We do not know the true scale of the COVID-19 pandemic in Turkey and the world. When will it be safe to reopen schools, go back to work and daily life again? What if you already had the infection without symptoms, recovered and now immune? Widespread antibody blood testing can help answer these questions and should be developed and made broadly available, together with the current tests that detect the virus.
Everything has a history. Some histories are hidden from the public. Infections are no exception. The true scale and the contagion history of disease outbreaks remain in the dark when governments limit diagnostic testing to prioritize markets over public health or if the majority of infections are asymptomatic. In the case of COVID-19, both of these setbacks, political and biological, are at play and currently preventing an effective and democratic response to the pandemic in Turkey and the planet.
The presently available COVID-19 tests identify the coronavirus nucleic acid in the respiratory tract of a person. However, once a person recovers and clears the virus, the current tests do not tell us whether a person had COVID-19 in the past.
Antibodies are molecules that circulate in the blood (plasma), produced by our immune system to neutralize the invading foreign microbes. Recent research shows that specific coronavirus antibodies are measurable in the plasma starting within the first 10 days after the onset of COVID-19 clinical symptoms.
Most governments have not yet taken up this second type of (antibody) testing for the coronavirus. Antibody tests can be performed using a small blood sample to address three previously unanswered questions that are crucial for public health, trust in pandemic governance and planetary economy.
1. What is the true scale of the pandemic?
About 80% of infections by the new coronavirus appear to cause no or mild to moderate symptoms. This means by testing only the very active cases for political expediency, the governments have been reporting merely the tip of the pandemic iceberg. Also, the past infections cannot be picked up by the virus nucleic acid tests currently performed across the world.
With the coronavirus antibody testing, we can track the truth. We can detect the large numbers of past COVID-19 infections without clinical symptoms or those misdiagnosed as influenza. Then, we can compare the antibody test statistics with those reported by health authorities that have insisted, until March 11th, that Turkey is free from coronavirus in the midst of a planetary scale outbreak.
2. When will it be safe to return to society, school or work?
The pandemic is stressful, to put it mildly, not least because there appears to be no end in sight. When will it be safe to reopen schools, go back to work and daily life again? Widespread antibody testing can help address this uncertainty in several ways.
It would help health care workers to learn whether they had the virus and are now immune and thus can continue to care for patients with COVID-19. This would help reduce the need for quarantine if a person is already immune. Antibody testing could also help prevent planetary economic depression as it might allow those with immunity go back to work.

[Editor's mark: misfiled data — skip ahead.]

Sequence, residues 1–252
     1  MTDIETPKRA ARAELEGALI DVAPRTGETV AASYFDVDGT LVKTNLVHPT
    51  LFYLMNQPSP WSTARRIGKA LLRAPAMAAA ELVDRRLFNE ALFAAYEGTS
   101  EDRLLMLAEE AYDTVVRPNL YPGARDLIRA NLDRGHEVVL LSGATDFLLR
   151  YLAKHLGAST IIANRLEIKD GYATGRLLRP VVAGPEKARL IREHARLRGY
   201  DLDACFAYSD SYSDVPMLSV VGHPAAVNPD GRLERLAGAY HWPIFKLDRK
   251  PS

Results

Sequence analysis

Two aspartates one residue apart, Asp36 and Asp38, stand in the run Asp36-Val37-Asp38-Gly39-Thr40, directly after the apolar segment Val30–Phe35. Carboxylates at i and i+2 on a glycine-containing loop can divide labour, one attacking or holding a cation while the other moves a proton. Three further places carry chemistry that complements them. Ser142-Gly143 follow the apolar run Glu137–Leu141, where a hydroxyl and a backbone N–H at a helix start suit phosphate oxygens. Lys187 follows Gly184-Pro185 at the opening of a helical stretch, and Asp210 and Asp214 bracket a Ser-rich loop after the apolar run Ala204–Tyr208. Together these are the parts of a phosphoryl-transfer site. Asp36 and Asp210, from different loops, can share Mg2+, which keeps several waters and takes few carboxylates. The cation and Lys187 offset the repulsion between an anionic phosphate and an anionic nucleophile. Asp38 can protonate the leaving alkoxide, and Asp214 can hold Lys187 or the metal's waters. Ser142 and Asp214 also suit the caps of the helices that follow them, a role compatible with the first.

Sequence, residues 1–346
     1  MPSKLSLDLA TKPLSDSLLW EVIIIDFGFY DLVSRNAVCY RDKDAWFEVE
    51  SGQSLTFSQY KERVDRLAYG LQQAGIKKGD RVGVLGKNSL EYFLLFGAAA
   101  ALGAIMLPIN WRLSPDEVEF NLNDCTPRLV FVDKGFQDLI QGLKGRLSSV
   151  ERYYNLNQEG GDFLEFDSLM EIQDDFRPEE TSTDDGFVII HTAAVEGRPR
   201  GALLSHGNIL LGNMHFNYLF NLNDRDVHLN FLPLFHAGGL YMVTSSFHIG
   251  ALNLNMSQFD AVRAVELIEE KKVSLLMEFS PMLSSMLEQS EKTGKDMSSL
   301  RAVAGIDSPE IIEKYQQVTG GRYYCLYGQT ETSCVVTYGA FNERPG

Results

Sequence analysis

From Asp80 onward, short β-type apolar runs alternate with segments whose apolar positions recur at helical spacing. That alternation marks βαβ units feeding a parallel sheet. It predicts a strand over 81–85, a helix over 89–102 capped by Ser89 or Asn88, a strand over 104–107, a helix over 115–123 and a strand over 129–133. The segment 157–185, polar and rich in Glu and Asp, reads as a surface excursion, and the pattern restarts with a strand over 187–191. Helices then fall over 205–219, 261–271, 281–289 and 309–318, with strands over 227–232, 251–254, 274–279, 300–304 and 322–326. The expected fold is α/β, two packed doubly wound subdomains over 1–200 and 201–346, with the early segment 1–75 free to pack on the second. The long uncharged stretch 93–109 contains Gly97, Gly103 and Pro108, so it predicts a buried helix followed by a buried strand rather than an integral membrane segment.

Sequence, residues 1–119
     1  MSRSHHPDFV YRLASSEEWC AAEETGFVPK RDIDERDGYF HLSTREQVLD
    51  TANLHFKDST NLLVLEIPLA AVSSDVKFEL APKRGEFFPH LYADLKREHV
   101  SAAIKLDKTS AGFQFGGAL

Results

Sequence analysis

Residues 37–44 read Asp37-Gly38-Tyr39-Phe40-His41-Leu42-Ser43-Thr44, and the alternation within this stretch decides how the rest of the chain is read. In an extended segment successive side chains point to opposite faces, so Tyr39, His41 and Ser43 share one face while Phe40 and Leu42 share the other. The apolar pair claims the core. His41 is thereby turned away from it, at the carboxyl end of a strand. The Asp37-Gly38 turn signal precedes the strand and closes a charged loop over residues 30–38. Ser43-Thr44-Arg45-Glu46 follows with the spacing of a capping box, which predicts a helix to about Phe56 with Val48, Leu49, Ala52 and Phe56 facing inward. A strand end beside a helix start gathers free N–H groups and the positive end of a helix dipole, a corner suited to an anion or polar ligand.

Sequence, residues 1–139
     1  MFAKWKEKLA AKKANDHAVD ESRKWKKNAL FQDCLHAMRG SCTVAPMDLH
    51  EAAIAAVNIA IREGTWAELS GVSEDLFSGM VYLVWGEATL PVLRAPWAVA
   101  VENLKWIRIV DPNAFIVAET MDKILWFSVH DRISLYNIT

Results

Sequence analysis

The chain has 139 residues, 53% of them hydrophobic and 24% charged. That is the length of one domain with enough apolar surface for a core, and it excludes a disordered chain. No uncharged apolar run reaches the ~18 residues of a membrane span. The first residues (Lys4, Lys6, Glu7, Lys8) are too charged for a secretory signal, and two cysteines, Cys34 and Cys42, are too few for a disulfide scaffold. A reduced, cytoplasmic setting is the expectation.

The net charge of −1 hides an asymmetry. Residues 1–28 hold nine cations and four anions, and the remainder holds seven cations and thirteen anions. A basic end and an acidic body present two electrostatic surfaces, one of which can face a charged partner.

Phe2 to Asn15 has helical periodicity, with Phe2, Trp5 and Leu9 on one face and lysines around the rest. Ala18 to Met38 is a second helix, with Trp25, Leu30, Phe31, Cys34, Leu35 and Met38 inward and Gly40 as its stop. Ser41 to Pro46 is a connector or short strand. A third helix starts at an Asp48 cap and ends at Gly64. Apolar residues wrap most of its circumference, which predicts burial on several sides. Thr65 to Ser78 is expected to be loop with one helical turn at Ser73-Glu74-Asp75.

Both antibody blood test and virus testing in nasal swabs are necessary to ensure those who go back to work are immune, and do not carry the virus as a risk to others. Additionally, because we do not know exactly how long the immunity to COVID-19 lasts, and the virus might mutate, public health measures such as hand washing and social distancing should continue to be practiced by those who became immune.
To reopen schools, we need to know whether the children don’t get infected easily compared to adults or the infections in children have a mild or silent clinical course. Antibody testing for COVID-19 would answer this uncertainty and help decide when it is safe to reopen schools.
3. Is there an interim solution until a vaccine is available?
A vaccine against COVID-19 is at least 12 months away. We need an interim solution until then. There are growing numbers of COVID-19 survivors. Their convalescent plasma rich in antibodies can potentially protect the not-yet-infected healthy people or help treat patients critically ill with the new coronavirus. Widespread antibody testing would help identify COVID-19 survivors who can be part of an interim solution.
The ‘convalescent plasma’ has been used for over 100 years, especially when there are no known cures against a new infectious disease: the 1918 influenza virus, the 2013 Ebola virus epidemic in West Africa, the SARS outbreak in Hong Kong, and most recently, in China in 245 patients with COVID-19. The latter experience suggests the plasma from recovered patients might improve clinical symptoms. Clinical testing of the convalescent plasma approach to COVID-19 is currently underway by researchers at Johns Hopkins University in Baltimore, United States. The results are anticipated by the end of June.
Widespread antibody blood testing can help answer these questions and should be developed and made broadly available, together with the current tests that detect the virus. This will also help forecast the future trajectory of COVID-19 in a scientific manner.
Diplomat of the American Board of Clinical Pharmacology and Editor-in-Chief, OMICS: A Journal of Integrative Biology, New York.